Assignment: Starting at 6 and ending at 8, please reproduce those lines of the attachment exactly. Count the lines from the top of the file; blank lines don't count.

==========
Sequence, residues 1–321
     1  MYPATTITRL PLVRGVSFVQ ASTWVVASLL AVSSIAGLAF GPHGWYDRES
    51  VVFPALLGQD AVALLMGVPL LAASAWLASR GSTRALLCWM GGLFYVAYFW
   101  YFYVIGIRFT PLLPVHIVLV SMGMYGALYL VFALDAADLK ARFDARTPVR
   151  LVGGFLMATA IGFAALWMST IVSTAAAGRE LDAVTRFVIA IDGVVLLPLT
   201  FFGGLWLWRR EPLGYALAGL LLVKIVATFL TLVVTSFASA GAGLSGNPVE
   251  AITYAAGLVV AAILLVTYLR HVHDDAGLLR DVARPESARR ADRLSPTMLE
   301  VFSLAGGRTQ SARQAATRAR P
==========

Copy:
   201  FFGGLWLWRR EPLGYALAGL LLVKIVATFL TLVVTSFASA GAGLSGNPVE
   251  AITYAAGLVV AAILLVTYLR HVHDDAGLLR DVARPESARR ADRLSPTMLE
   301  VFSLAGGRTQ SARQAATRAR P